When you are creating a center, you should:
1. Decide on the type of center. Should it be for enrichment, skill development, or exploration?
2. Specify the outcomes. What is your objective for students at each center?
3. Create center activities and instructions. Be sure to include varied levels of work to allow students to
focus on their current skill level. For example, have reading material at a range of grade-levels or math
problems at various levels of complexity. You should also ensure that students are able to accomplish the
work independently or with the help of peers. Make instructions extremely clear so they can focus and learn
without your direct guidance.
4. Model how to use centers. As with any new instructional method, you will have to teach students how to
use centers effectively. Discuss, model, and practice appropriate behavior while at the center and while
moving between centers (if students will rotate through each center).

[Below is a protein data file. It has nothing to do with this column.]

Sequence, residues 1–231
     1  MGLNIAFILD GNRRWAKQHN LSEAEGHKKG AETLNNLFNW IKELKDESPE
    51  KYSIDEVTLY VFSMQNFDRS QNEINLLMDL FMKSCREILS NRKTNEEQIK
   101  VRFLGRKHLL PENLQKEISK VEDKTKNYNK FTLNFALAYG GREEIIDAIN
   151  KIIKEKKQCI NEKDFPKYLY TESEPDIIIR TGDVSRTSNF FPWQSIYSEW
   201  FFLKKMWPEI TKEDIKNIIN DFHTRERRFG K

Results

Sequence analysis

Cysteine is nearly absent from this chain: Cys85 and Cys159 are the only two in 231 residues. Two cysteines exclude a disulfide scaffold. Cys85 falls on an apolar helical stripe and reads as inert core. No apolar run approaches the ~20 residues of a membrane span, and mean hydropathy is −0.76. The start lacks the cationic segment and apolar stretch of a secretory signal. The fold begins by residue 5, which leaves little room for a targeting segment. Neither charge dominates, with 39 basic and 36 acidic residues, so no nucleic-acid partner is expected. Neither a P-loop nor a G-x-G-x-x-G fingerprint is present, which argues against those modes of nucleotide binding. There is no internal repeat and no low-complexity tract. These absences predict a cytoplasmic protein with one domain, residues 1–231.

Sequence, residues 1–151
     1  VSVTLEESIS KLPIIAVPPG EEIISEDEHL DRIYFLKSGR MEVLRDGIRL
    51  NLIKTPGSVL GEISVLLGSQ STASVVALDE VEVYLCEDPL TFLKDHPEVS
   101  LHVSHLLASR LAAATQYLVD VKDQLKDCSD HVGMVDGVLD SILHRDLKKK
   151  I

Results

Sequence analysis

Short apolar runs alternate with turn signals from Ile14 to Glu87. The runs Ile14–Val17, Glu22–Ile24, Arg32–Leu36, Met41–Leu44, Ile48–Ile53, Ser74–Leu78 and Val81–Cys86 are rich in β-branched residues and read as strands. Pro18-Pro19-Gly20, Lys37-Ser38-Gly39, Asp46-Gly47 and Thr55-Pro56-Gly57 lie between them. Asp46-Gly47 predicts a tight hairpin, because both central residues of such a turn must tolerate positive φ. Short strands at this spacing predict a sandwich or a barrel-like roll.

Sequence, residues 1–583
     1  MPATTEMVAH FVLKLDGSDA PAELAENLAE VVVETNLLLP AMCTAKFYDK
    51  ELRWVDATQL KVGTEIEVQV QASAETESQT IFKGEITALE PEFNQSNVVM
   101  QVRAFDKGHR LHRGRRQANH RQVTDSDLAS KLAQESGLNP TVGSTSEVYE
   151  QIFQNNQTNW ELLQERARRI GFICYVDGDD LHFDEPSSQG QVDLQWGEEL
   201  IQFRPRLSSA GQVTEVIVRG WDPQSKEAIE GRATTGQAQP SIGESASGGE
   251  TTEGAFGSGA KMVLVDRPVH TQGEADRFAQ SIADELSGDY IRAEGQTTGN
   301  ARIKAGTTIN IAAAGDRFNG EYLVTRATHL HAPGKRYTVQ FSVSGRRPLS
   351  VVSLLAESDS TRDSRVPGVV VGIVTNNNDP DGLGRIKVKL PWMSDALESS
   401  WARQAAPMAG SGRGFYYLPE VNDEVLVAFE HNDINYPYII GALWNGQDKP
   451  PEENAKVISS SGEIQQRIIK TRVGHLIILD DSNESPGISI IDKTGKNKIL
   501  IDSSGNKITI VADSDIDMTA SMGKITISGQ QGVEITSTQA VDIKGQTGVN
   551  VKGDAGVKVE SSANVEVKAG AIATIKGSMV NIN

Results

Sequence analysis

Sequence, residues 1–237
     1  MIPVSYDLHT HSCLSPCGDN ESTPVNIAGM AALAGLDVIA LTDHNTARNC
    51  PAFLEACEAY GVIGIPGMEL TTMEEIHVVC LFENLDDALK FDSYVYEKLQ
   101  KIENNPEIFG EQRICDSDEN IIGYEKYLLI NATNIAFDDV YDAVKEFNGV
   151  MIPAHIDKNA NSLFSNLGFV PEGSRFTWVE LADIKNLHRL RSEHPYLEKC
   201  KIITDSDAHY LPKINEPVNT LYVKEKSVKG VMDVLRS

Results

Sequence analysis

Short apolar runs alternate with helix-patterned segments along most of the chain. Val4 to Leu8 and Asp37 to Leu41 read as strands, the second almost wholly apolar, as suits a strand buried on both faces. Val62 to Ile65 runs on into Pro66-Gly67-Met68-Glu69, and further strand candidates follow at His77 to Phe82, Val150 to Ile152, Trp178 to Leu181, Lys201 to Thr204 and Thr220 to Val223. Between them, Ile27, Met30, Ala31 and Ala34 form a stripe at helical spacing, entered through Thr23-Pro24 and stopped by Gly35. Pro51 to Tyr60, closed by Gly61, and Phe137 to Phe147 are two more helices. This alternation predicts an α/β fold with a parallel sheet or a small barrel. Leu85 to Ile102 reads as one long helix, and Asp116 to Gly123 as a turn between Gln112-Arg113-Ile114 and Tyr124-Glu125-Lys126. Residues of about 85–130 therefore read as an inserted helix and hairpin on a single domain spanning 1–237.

5. Provide constant feedback to students. You should review what students learned and did at each center
in order to reinforce the key skills and concepts. That might involve spending a brief amount of time with
each student while they are at the center or taking time at some later point to explicitly review what was
learned at each center with the whole class
Guided Practice and Cooperative Learning
Cooperative learning is more than just placing students in small groups and having them complete an activity
together. There are various cooperative learning theories and structures that call for particular methods of dividing up
students’ responsibilities in the group, handling collective production of assignments, and reporting back to the whole
P -3: Create objectiveobjective- driven lesson plans
Cooperative learning requires students to be responsible not only for their own learning but also for the learning of all
others in the group. Research has shown that students who participate in cooperative learning tend to have more